Happy Friday! Another week has come and gone for harvest 2020 and prices are currently looking favorable for the farmer. It can be agreed upon that this is not our normal for this time of year. There has been a lot of volatility in the bean market between the USDA report released last Friday and dry weather in South America. The NOPA soybean crush reported 161.5 million bushels which beats the largest September crush on record of 160.7 million bushels back in 2018. December corn futures have hit a high of 4.09 today so far. Dry weather is fueling the wheat rally. Many are contracting wheat for July 2021. Below is a weekly export analysis summary.  

Export Sale Report Summary – Weekly Analysis: 10.08.20
Corn Soybeans Wheat (All)
25.8 mil bu 96.7 mil bu 19.4 mil bu



Well harvest 2020 is different, that is for sure.  We are seeing crop prices rally through harvest even with good yield data coming from the countryside.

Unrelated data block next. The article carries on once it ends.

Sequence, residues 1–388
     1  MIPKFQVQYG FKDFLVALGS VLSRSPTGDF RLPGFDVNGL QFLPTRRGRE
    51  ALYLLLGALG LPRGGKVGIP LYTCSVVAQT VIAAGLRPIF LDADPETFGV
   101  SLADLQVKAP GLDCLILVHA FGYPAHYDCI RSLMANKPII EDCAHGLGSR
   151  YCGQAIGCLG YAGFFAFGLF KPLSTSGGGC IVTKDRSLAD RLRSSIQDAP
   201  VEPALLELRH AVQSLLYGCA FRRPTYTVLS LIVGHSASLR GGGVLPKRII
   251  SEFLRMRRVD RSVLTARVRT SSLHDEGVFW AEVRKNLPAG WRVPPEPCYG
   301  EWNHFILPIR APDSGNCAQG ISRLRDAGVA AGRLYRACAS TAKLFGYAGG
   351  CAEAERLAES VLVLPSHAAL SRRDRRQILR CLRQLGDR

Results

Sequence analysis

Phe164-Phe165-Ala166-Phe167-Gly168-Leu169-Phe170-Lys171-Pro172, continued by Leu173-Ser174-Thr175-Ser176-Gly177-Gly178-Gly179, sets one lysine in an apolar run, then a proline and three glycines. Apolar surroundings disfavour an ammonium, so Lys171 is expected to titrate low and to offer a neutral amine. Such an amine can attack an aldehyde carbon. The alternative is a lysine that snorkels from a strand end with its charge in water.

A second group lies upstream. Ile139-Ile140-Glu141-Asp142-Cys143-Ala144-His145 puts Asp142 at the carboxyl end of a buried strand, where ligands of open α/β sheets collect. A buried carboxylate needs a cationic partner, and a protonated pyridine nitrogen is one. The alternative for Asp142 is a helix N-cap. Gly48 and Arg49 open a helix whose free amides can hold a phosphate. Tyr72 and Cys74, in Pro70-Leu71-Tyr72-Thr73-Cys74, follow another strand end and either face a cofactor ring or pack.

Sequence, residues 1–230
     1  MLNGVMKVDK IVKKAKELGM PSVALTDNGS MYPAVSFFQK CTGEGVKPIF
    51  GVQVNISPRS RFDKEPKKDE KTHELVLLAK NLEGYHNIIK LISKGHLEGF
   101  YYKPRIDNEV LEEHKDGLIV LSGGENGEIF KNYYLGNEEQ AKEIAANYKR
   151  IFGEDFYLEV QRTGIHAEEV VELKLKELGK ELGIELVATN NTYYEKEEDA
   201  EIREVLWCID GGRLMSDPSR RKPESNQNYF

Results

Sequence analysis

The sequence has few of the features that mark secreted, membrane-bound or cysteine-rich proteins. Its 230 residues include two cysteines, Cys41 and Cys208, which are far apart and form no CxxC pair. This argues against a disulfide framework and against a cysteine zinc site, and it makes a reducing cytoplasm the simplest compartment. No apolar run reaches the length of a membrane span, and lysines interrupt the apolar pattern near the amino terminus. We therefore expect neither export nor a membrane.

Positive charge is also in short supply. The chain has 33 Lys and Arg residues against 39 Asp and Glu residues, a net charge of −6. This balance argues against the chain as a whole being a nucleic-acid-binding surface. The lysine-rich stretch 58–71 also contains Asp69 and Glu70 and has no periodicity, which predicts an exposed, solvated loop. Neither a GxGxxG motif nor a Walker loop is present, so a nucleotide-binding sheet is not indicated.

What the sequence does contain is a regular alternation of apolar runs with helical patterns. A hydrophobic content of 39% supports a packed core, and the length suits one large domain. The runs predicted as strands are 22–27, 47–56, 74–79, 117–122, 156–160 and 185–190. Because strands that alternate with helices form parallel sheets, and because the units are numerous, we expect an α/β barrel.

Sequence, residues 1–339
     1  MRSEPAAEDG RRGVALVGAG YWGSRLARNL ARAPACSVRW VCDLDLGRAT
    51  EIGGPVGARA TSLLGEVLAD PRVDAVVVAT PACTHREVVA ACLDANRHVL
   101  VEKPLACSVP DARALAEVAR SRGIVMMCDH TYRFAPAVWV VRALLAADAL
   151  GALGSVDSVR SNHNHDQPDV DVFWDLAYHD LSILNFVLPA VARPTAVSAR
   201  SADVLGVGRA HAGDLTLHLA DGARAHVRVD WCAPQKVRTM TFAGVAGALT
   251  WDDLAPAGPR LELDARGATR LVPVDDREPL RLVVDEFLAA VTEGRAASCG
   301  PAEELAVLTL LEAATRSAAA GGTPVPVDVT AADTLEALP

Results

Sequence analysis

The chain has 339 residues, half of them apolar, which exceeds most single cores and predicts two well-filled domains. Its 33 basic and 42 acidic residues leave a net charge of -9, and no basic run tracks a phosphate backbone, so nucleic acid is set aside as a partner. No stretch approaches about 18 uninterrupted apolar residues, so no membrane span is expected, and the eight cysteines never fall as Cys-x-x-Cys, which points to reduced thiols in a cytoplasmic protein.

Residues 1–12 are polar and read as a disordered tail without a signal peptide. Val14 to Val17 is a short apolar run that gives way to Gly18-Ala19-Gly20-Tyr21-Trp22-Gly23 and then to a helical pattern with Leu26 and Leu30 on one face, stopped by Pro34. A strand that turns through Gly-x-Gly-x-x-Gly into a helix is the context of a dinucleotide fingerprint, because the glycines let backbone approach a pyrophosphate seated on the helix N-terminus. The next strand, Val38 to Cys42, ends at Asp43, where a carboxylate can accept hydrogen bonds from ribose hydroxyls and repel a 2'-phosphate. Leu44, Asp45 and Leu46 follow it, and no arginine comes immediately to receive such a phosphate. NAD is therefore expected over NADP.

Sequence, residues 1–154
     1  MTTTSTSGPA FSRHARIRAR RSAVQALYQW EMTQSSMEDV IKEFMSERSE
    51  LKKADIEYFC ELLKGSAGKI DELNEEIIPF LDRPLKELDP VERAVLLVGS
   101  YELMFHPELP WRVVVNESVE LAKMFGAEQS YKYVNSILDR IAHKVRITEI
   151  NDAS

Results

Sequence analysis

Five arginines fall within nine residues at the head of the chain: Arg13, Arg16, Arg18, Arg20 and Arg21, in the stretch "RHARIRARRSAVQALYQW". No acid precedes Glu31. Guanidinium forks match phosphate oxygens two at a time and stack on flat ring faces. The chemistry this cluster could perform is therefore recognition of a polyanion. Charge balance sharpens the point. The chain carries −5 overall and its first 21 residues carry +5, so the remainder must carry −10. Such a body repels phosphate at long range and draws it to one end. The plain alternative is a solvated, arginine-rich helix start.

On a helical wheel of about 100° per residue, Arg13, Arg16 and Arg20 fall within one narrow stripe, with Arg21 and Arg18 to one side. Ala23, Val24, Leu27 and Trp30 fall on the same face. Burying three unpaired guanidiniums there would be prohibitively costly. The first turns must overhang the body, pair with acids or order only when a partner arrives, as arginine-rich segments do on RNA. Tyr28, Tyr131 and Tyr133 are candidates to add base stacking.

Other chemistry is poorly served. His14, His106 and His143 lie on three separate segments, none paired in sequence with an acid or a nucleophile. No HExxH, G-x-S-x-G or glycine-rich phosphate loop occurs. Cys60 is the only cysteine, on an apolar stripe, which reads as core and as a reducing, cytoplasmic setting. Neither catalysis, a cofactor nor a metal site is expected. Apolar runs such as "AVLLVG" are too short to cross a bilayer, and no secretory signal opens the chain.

Soybeans continue to rally as we are seeing continued export demand which is driving the market to be front loaded as the export market wants soybeans today not 4 or 6 months from now.  We will see how this plays out as we move forward as January futures are a premium to March.

Corn harvest in my area is as slow as I have ever seen.  The farmer today is not liking the moisture that he is finding in his corn fields.  He is hoping for some warm weather to help dry this crop down. I do not think the forecast today is going to help him much.

Wheat is following the rest of the markets higher as we are seeing dry weather in Russia which is helping push prices higher.  We are seeing contract wheat for July 2021 at as high as levels we have seen in years.


Good afternoon! The weather has slowed soybean harvest this week, but we were on the downhill anyway here at Mechanicsburg. I’m estimating Region 3 is probably around 80% finished with soybean harvest. Corn however has a long way to go at only 5% complete. Moistures of corn delivered out of the field are 19-25%.